Talk:Tavor TAR-21 rifle series
At an end the standard TAR-21's reign is. And not short enough it was . . .
Does anyone know why the IDF is ditching the standard-length TAR-21 and going with the Micro version as the standard-issue weapon? I thought that since the original was a bullpup rifle, it managed to be "comfortably short" and yet retain the necessary barrel length to achieve the velocity necessary to get its 5.56x45mm rounds to fragment reliably at long enough ranges. Going for the MTAR is not going to be good for long range accuracy and damage, perhaps not even midrange for the 5.56mm round it's firing. Did they go for the MTAR so as to give the IDF's female conscripts a more comfortable weapon for those with arms too short to comfortably carry and fire the standard-length rifle? Or is it because the IDF only expect to be shooting up "enemy combatants" in urban "terrorist incidents" in the near future, rather than traipse around shooting up neighbouring countries, as they recently did in Lebanon?
It seems odd that they would purposely change the standard-issue weapon to a downgraded version, when the original should be short enough already. --Mazryonh 01:12, 11 September 2010 (UTC)
It's not like they can't put long barrels on again. I'd be willing to bet that the Israelis have plenty of the longer barrels stashed somewhere, just in case.--Mandolin 12:32, 11 September 2010 (UTC)
I doubt it's about making it more comfortable for smaller sized women, as far as I know the only area where the size changes between models is the hand guard and barrel. The reason is likely due to most of Israels combat zones being urban rather than large open fields or mountains. And since you can easily change the 5.56 MTAR into a 9mm SMG, it saves time and likely costs by being able to just train everyone with the same weapon system. Add in the loss of .71 pounds (Soldiers are usually armed 24/7) and you've got a better choice for the world they're in. --Crazycrankle 15:26, 11 September 2010 (UTC)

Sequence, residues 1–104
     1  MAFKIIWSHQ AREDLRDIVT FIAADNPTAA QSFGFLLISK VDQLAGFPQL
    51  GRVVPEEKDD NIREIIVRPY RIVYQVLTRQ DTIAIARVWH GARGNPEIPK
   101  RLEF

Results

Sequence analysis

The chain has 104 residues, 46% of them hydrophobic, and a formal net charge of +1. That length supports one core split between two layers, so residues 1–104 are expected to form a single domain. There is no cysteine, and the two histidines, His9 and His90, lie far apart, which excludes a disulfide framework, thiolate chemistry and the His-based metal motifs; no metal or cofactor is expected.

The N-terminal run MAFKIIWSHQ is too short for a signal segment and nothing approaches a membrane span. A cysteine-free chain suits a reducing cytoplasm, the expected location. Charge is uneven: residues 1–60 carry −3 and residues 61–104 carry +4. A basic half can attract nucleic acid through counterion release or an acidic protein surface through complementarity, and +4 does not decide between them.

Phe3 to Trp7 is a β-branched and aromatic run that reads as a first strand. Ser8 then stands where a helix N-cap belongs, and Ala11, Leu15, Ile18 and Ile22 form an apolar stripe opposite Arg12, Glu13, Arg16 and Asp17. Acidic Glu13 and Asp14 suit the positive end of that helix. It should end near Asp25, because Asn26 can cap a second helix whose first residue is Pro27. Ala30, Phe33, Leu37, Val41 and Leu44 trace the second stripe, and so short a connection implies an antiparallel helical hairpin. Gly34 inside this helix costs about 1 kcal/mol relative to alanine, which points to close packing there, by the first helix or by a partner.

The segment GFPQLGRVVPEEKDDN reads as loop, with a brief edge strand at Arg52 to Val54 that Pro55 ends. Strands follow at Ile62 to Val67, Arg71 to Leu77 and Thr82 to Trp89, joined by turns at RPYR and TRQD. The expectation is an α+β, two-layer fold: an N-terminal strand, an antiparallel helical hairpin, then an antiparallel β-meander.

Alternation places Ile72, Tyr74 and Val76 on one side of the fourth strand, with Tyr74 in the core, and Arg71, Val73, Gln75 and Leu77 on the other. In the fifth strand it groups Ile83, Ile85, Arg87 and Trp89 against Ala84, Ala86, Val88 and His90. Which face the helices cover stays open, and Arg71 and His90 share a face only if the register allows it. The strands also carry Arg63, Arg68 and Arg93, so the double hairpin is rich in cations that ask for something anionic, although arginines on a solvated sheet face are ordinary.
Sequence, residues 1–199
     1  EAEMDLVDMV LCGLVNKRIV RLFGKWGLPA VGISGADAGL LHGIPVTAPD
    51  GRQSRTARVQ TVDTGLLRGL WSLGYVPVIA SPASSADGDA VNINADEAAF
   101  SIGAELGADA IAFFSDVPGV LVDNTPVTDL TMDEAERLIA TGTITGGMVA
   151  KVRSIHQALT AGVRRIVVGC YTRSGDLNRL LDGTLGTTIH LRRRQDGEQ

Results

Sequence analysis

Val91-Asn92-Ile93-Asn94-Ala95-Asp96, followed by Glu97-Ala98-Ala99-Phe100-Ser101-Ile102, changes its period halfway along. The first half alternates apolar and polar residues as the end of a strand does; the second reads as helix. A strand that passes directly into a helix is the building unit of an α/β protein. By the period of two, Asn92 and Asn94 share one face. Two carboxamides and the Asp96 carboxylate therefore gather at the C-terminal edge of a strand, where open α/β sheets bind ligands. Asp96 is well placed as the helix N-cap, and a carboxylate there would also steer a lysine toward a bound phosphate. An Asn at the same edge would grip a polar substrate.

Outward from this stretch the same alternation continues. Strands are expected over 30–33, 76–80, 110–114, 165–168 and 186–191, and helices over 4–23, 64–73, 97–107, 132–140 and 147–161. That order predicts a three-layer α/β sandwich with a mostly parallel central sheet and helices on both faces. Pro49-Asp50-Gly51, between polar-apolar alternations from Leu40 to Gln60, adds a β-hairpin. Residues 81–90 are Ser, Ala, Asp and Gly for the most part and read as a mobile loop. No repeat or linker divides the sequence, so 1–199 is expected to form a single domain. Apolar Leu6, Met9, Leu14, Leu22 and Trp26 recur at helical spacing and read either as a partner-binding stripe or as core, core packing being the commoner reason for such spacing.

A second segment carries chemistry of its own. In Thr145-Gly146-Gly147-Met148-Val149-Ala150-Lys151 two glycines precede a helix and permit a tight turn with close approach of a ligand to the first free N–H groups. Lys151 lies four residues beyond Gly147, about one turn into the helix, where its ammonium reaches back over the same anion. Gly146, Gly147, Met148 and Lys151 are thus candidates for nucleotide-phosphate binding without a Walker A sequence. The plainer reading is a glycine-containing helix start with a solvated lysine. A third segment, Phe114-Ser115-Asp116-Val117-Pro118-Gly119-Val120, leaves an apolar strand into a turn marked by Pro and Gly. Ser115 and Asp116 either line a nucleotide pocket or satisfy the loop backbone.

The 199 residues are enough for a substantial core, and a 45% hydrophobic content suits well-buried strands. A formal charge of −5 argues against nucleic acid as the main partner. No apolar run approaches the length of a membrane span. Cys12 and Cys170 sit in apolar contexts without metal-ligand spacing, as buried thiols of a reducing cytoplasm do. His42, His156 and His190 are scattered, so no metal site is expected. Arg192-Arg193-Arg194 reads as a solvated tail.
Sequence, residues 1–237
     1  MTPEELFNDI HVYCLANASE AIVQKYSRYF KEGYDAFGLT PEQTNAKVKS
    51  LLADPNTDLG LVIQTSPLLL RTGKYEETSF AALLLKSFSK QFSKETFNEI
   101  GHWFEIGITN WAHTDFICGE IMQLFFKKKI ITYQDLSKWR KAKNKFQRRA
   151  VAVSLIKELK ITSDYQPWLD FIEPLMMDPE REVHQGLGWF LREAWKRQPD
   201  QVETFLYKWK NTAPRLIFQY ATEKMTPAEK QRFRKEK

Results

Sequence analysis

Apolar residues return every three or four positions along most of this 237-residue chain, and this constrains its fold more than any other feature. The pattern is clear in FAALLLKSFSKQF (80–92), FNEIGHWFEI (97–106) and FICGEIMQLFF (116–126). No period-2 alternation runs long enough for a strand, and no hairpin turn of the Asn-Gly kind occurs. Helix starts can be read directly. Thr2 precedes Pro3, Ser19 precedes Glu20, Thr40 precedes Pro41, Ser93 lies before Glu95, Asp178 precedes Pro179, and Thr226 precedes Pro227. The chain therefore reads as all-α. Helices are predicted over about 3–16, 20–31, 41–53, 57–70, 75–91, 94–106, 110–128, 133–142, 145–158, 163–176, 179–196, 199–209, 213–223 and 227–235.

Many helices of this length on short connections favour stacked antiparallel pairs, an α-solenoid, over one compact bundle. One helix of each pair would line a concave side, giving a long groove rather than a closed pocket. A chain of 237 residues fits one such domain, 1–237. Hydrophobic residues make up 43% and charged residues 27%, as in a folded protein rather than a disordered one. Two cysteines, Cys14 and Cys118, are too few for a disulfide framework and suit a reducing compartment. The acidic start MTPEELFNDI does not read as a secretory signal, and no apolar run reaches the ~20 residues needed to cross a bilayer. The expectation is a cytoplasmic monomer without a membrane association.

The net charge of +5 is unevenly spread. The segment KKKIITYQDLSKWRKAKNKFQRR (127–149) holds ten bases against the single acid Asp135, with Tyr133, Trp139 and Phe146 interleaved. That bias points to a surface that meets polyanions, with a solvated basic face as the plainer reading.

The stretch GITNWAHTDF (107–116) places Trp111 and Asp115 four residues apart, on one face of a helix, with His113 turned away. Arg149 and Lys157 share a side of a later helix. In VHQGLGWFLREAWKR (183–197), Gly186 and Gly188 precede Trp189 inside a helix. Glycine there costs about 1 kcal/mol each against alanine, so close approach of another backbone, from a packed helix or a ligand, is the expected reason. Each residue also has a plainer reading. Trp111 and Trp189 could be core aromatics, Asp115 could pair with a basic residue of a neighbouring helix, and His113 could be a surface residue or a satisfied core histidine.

- It's still odd to be me because the official stats for the standard-length TAVOR-21 claim it is of similar length to the widely-used Colt M4 carbine, and yet has the bullpup's advantage of better barrel length (close to the M16's actually). From what I've read, muzzle velocity is key to the 5.56mm round's effectiveness so it can fragment properly along its cannelure, and sacrificing that for a shorter barrel length means you're just putting 5.56mm holes in people rather than perforating their organs wholesale with every shot as more muzzle velocity would result in. Of course, I suppose the IDF is good enough to put enough of those 5.56mm holes in the urban-lurking terrorists they're hunting using short-controlled bursts, but I'm of the persuasion to make every shot count. I also know that while comfort is one thing towards the move for lighter rifles, isn't military training largely about acclimating oneself to this kind of fatigue (or getting a sling so you can hang the rifle off your shoulders when not in use)? It wasn't so long ago many soldiers were lugging around 9-pound M1 Garand rifles, for instance. --Mazryonh 18:50, 11 September 2010 (UTC)
They weren't loaded with 20-30 pounds of armor back then. --Mandolin 01:45, 12 September 2010 (UTC)
Aren't the tan colored Tavors on the page airsoft replicas? Because I've never seen images of real tavor in that color Excalibur01 21:44, 27 August 2012 (CDT)